Meyer Lemon Bars

Meyer Lemon Bars

The Spruce Eats / Kristina Vanni

Prep: 15 mins
Cook: 40 mins
Total: 55 mins
Servings: 24 servings
Yields: 24 bars
Nutritional Guidelines (per serving)
204 Calories
9g Fat
30g Carbs
2g Protein
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Nutrition Facts
Servings: 24
Amount per serving
Calories 204
% Daily Value*
Total Fat 9g 11%
Saturated Fat 5g 25%
Cholesterol 51mg 17%
Sodium 40mg 2%
Total Carbohydrate 30g 11%
Dietary Fiber 0g 2%
Total Sugars 20g
Protein 2g
Vitamin C 4mg 22%
Calcium 21mg 2%
Iron 1mg 4%
Potassium 44mg 1%
*The % Daily Value (DV) tells you how much a nutrient in a food serving contributes to a daily diet. 2,000 calories a day is used for general nutrition advice.
(Nutrition information is calculated using an ingredient database and should be considered an estimate.)

Prepare your favorite lemon bars using Meyer lemons and you may sway those that aren't fans of this typically tart dessert. Meyer lemons are a cross between a regular lemon and a mandarin orange with a smoother, deeper colored skin and a dark yellow pulp. They are also sweeter than regular lemons and are less acidic, so the flavor is less tart than a typical lemon, making these lemon bars a bit more approachable.

In this recipe, a buttery crust is topped with a flavorful custard and then baked until set. The bars are then dusted with powdered sugar and cut into squares. They can be covered and stored at room temperature for 2 days or will keep in the refrigerator for up to 1 week for everyone to enjoy.

Ingredients

  • 1 cup unsalted butter, softened

  • 1/2 cup powdered sugar, plus more for dusting

  • 2 1/3 cups all-purpose flour, divided

  • 4 large eggs

  • 2 cups granulated sugar

  • 1 teaspoon grated Meyer lemon zest

  • 6 tablespoons freshly squeezed Meyer lemon juice

  • 1 teaspoon baking powder

Steps to Make It

  1. Gather the ingredients. Preheat the oven to 350 F. Grease and flour a 9 by 13-inch baking pan and set aside.

    Meyer Lemon Bars

    Kristina Vanni

  2. Use an electric hand or stand mixer to cream together the softened butter and powdered sugar until fluffy.

    Meyer Lemon Bars

    Kristina Vanni

  3. Add 2 cups of the flour, beating on low speed until blended.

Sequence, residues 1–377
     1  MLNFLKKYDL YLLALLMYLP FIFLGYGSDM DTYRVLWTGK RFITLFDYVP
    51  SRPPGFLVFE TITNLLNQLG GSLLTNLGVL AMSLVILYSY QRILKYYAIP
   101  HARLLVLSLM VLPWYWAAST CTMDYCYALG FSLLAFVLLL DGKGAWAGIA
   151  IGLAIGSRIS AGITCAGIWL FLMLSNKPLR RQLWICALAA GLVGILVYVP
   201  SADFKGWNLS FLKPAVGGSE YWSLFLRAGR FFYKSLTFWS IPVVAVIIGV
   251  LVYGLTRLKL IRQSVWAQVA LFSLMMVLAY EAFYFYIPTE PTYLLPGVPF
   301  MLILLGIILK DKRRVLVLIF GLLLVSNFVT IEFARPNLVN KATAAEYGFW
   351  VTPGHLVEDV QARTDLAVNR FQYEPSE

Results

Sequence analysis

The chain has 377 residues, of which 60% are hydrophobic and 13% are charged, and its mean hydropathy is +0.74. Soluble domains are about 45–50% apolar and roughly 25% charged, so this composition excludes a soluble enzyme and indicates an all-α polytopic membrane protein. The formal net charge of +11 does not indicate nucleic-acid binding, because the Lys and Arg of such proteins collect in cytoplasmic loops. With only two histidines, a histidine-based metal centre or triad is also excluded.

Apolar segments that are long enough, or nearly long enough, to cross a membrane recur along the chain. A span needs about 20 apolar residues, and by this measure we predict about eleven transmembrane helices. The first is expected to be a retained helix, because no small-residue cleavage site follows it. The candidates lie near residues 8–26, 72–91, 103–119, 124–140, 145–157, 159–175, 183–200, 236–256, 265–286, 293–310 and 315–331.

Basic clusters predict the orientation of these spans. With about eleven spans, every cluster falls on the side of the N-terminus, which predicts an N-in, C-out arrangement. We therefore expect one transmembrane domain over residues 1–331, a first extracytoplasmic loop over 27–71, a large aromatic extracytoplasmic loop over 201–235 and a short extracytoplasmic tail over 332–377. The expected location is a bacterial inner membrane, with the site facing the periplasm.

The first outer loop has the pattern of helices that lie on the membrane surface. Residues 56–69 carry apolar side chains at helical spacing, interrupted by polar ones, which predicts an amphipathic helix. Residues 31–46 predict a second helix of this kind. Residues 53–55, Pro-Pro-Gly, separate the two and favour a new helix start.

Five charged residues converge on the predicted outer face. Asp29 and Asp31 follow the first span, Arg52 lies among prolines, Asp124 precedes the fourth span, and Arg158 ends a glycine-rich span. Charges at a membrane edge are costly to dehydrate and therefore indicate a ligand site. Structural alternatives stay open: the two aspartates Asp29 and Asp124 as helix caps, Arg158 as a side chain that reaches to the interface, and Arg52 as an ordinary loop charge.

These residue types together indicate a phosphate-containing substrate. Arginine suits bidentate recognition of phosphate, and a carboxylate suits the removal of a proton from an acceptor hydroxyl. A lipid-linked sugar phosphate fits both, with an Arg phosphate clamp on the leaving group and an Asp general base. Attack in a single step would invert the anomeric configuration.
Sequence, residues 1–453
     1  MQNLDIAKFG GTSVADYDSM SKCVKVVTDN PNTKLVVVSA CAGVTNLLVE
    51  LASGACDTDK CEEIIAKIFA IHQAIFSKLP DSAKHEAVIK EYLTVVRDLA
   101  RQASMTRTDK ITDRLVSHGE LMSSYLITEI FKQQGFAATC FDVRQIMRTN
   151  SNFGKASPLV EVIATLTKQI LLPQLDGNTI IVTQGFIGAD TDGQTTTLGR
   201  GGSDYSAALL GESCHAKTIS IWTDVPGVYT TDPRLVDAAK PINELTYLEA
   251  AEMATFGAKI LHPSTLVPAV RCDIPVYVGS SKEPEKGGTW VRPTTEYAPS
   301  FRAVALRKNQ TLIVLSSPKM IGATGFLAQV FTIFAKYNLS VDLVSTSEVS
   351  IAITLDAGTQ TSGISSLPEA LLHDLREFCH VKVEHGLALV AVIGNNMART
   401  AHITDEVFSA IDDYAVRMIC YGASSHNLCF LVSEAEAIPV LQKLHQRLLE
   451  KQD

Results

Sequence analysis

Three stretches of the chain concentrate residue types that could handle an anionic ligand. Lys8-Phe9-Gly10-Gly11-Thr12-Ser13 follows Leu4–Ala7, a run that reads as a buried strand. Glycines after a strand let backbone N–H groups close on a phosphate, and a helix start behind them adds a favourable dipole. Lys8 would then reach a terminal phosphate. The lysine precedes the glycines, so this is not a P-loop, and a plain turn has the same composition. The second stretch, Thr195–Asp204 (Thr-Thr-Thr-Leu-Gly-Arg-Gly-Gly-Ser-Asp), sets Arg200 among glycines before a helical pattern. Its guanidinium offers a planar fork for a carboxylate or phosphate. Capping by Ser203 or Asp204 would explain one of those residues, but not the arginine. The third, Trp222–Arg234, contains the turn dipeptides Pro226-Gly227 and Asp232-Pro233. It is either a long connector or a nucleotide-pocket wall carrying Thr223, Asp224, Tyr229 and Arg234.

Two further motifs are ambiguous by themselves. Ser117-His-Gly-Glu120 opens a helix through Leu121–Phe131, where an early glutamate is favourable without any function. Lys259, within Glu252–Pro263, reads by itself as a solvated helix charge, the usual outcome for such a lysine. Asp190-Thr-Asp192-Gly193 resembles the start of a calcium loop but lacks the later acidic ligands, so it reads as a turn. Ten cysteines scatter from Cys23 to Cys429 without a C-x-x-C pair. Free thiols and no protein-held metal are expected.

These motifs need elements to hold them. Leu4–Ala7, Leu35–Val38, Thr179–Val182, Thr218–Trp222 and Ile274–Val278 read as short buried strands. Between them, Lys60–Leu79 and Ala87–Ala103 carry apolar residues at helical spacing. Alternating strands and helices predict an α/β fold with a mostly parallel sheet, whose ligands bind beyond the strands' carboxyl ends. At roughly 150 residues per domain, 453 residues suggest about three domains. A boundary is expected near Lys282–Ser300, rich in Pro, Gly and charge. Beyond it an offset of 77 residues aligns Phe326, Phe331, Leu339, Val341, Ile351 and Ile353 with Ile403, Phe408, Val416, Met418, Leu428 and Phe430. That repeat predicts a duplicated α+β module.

Meyer Lemon Bars

    Kristina Vanni

  4. Press the mixture evenly into the bottom of the prepared pan. Bake for 20 minutes.

    Meyer Lemon Bars

    Kristina Vanni

  5. Meanwhile, beat the eggs in a large mixing bowl until light.

    Meyer Lemon Bars

    Kristina Vanni

  6. Gradually, add the granulated sugar, beating until thick and blended.

    Meyer Lemon Bars

    Kristina Vanni

  7. Add the Meyer lemon zest and juice, the remaining 1/3 cup of the flour, and the baking powder. Beat until thoroughly blended.

    Meyer Lemon Bars

    Kristina Vanni

  8. Pour the lemon mixture over the baked crust and return the pan to the oven. Bake for 15 to 20 minutes or until a pale gold color.

    Meyer Lemon Bars

    Kristina Vanni

  9. Remove from the oven and evenly dust with powdered sugar. Let cool. Cut into about 24 squares.

    Meyer Lemon Bars

    Kristina Vanni

  10. Enjoy.

Citrus Zesting Tip

When a recipe calls for both the zest and juice of citrus fruit, be sure to grate the zest first, before cutting and juicing the fruit. It is easier (and safer) to zest while whole, as you need to hold the fruit while running the skin along the zester. Once you have removed the zest that you need, you can then slice the fruit in half and squeeze out the juice.

What's the Difference Between Meyer Lemons and Regular Lemons?

Meyer lemons and the lemons we're most familiar with differ in three ways: availability, appearance, and taste. While we can find regular lemons year-round, Meyer lemons are only available during their peak season from winter through early spring. Meyer lemons are also smaller and rounder than regular, with skin that is thinner, smoother, and more orange than yellow.


When it comes to flavor, it is not only the juice of Meyer lemons that is distinctive but also the zest, which is somewhat herbal and spicy. That being said, for most recipes, Meyer lemons and regular lemons can be used interchangeably in recipes. Just remember that the sweeter Meyer lemons don't have the same tart zing of traditional lemons.